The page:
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Barber of Seville (1947)

Il barbiere di Siviglia (original title)


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Comedy | Music | Romance
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Cinematic version of Rossini's opera in which Count Almaviva wins the heart of beautiful Rosina with the help of Figaro, the barber of Seville.

Director: Camillo Mastrocinque
Stars: Tito Gobbi, Irene Genna, Cesco Baseggio
Musical | Romance
    1 2 3 4 5 6 7 8 9 10 5.8/10 X  

Since he falls for beautiful Rosina, the Almaviva count is questioning his Donjuanesque life. He resolves to travel to Seville to seek advice from famed Figaro, who is much more than a barber.

Director: Benito Perojo
Stars: Miguel Ligero, Raquel Rodrigo, Roberto Rey
Barber of Seville (TV Movie 1958)
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Stars: Ella Banner, Gregory Dempsey, Joseph Drewniak
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Director: Jean Loubignac
Stars: Raymond Amade, Roger Bourdin, Roger Bussonet


Complete credited cast:
Ferruccio Tagliavini Ferruccio Tagliavini ... Count Almaviva
Tito Gobbi Tito Gobbi ... Figaro
Nelly Corradi Nelly Corradi ... Rosina
Vito De Taranto Vito De Taranto ... Don Bartolo
Italo Tajo Italo Tajo ... Don Basilio
Natalia Nicolini Natalia Nicolini ... Berta
Nino Mazziotti Nino Mazziotti ... Fiorello
Rest of cast listed alphabetically:
Deems Taylor Deems Taylor ... Himself - Narrator


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Comedy | Music







Release Date:

5 May 1947 (USA) See more »

Also Known As:

Barber of Seville See more »

Filming Locations:

Rome, Lazio, Italy

Company Credits

Production Co:

Excelsior, Tespi Film See more »
Show more on IMDbPro »

Technical Specs


Sound Mix:


Aspect Ratio:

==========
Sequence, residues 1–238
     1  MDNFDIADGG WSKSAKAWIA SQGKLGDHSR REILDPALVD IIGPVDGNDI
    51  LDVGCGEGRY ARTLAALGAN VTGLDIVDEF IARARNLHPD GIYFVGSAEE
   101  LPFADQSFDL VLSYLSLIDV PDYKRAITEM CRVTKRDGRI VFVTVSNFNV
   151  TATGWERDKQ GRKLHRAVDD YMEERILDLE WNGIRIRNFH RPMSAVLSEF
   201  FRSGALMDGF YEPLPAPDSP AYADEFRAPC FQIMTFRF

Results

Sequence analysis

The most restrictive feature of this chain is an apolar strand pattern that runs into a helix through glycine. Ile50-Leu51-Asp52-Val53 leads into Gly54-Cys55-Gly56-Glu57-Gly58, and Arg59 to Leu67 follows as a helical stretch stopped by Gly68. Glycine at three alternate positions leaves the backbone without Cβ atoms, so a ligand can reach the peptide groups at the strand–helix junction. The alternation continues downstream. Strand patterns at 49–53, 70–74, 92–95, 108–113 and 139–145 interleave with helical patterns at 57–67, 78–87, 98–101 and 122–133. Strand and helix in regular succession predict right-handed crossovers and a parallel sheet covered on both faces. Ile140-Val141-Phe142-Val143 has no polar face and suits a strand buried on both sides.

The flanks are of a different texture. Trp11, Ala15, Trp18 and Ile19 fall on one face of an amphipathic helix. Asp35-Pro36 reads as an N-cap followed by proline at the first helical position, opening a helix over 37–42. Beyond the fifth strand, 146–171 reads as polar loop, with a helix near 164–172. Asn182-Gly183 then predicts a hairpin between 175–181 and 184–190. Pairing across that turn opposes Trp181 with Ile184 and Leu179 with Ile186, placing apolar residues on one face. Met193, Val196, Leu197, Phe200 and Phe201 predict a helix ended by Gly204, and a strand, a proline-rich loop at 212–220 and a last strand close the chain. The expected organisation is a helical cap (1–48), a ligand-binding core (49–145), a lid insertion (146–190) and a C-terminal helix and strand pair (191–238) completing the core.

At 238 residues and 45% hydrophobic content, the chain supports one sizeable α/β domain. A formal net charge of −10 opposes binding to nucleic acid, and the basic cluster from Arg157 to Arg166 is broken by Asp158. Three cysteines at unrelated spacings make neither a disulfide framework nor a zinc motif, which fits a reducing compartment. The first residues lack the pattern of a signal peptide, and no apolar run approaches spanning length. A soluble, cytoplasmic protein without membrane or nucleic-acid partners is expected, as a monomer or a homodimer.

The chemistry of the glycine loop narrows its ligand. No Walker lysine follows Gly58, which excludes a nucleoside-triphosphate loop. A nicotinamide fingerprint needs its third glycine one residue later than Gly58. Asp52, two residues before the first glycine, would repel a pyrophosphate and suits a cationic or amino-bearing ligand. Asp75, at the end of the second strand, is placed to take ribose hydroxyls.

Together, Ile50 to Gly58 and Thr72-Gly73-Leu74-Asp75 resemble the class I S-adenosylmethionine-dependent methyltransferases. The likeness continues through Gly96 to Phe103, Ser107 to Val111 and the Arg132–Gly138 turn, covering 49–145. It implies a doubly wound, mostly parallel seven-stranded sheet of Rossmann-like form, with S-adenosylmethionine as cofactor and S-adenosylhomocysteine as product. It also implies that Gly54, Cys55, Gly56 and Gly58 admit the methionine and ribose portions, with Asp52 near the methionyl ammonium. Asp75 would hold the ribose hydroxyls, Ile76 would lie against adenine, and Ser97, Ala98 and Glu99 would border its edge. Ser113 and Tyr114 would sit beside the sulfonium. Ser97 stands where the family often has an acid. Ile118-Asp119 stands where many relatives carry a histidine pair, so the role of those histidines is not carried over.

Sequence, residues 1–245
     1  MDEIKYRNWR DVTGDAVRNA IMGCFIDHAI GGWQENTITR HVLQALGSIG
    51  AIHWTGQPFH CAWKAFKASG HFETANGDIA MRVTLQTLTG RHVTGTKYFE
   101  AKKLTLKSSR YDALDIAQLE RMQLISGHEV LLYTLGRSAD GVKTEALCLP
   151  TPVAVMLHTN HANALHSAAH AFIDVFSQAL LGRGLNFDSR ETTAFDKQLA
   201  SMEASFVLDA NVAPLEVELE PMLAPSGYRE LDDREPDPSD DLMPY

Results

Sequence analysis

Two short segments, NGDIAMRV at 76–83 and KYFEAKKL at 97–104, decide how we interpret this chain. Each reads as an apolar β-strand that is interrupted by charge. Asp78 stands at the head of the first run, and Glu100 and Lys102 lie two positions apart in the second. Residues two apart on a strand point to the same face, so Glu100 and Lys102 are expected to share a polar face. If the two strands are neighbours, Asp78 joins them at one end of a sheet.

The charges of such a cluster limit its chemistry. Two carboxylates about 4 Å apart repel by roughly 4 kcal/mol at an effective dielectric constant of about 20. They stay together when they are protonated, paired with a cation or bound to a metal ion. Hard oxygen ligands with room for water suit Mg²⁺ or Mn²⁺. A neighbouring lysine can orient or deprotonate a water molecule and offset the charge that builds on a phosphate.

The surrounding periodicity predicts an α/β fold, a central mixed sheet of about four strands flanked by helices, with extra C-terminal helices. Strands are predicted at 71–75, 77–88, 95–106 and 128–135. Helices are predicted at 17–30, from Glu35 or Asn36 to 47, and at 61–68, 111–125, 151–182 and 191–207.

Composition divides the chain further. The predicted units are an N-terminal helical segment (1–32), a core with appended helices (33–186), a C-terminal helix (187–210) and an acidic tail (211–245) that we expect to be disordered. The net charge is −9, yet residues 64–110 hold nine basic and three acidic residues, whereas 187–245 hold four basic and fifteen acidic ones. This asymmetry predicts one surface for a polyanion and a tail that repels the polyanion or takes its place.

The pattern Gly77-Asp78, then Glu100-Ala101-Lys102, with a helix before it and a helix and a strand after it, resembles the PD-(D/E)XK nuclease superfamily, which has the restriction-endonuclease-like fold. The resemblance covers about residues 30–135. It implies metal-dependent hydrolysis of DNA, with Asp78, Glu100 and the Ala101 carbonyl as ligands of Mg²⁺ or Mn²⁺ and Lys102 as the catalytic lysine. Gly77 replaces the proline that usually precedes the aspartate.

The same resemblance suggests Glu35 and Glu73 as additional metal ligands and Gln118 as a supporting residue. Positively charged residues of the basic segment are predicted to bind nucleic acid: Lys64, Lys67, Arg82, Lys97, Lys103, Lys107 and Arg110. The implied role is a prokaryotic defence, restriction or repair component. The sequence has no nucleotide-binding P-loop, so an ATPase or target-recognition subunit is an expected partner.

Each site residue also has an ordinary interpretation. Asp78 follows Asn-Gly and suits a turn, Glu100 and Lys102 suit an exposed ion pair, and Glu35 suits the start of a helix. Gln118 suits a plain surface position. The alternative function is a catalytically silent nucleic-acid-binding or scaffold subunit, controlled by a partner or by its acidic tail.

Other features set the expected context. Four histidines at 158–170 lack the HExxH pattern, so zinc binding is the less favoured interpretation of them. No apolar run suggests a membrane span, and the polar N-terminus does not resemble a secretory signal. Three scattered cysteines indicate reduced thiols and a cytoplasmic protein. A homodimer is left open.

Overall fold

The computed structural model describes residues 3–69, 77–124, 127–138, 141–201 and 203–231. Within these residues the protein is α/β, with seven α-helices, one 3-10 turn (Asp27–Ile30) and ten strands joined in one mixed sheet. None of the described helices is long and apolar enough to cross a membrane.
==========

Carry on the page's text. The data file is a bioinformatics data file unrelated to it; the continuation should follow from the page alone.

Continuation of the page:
1.37 : 1
See full technical specs »

Did You Know?


This film was first telecast in Los Angeles Sunday 3 April 1949 on KTSL (Channel 2), in New York City Saturday 11 June 1949 on WCBS (Channel 2), in Chicago Tuesday 14 June 1949 on WGN (Channel 9), in San Francisco Wednesday 15 June 1949 on KPIX (Channel 5), in Philadelphia Friday 24 June 1949 on WFIL (Channel 6), and in Cincinnati Sunday 31 July 1949 on WCPO (Channel 7). See more »

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User Reviews

Abbreviated Rossini
21 February 1999 | by VarlaamSee all my reviews

My standard version of Il barbiere is the 1958 Callas-Gobbi production for Walter Legge, so I was anxious to see this film with a young Tito playing the factotum della città.

Almaviva is sung by Ferruccio Tagliavini, who is just a name in the historic recordings section to me. According to James Anderson and his dictionary, he is "the leading Italian tenore di grazia of the immediate postwar period". He certainly has an attractive sound. But his rendition of "Ecco ridente" sounds a little idiosyncratic, shall we say, to me, although I can't quite describe how.

Absolutely none of the sound in this film was recorded live, not even the recitativo. I assume that that was standard procedure for Italian opera films of this period. There is no attempt to add incidental sound effects to match the mise en scène. Accurate lip-synching is also not a priority. The emphasis is on beautiful singing, and of course that's fine with me.

The viewer waits anxiously for Gobbi's entrance. Figaro first appears as a giant silhouette against a wall. Gobbi swings his guitar around as though he's never encountered one before. He is in great voice however. Gobbi manages to sing (on the soundtrack) and have a drink from the fontana in the piazza at one and the same time! He handles his "Figaro, Figaro, Figaro ..." in a wacky way that reminded me of Lawrence Tibbett. Very different from his 1958 approach.

Nelly Corradi sings Rosina, and she is lovely, especially in profile. She begins "Una voce poco fa" gazing into a mirror whilst seated at her dressing table. Rosina keeps a pet cockatoo! A silent one.

Don Basilio's "La calunnia" is quite funny. The part is sung by Italo Tajo, "an outstanding singing-actor, particularly in comedy" (Anderson again).

The film is very enjoyable generally with good finales at the end of the first two acts. (They are actually called tempi, not atti.)

The director, Mario Costa, does not intrude very often. This film is no "Tales of Hoffmann". Costa does take the opportunity though to move the camera around a bit during the storm scene in Act III (il terzo tempo).

There was a big disappointment lying in wait for me at the end of the film however. Not surprisingly, the opera ends with my personal favourite, "Di sì felice innesto", as always. Sort of.

They sing as far as the first "Si vegga in voi regnar". But the duet and solos for Rosina and Almaviva are gone! And the final tutti is missing. It leaves you feeling as though you've just been whacked on the head with Figaro's guitar.

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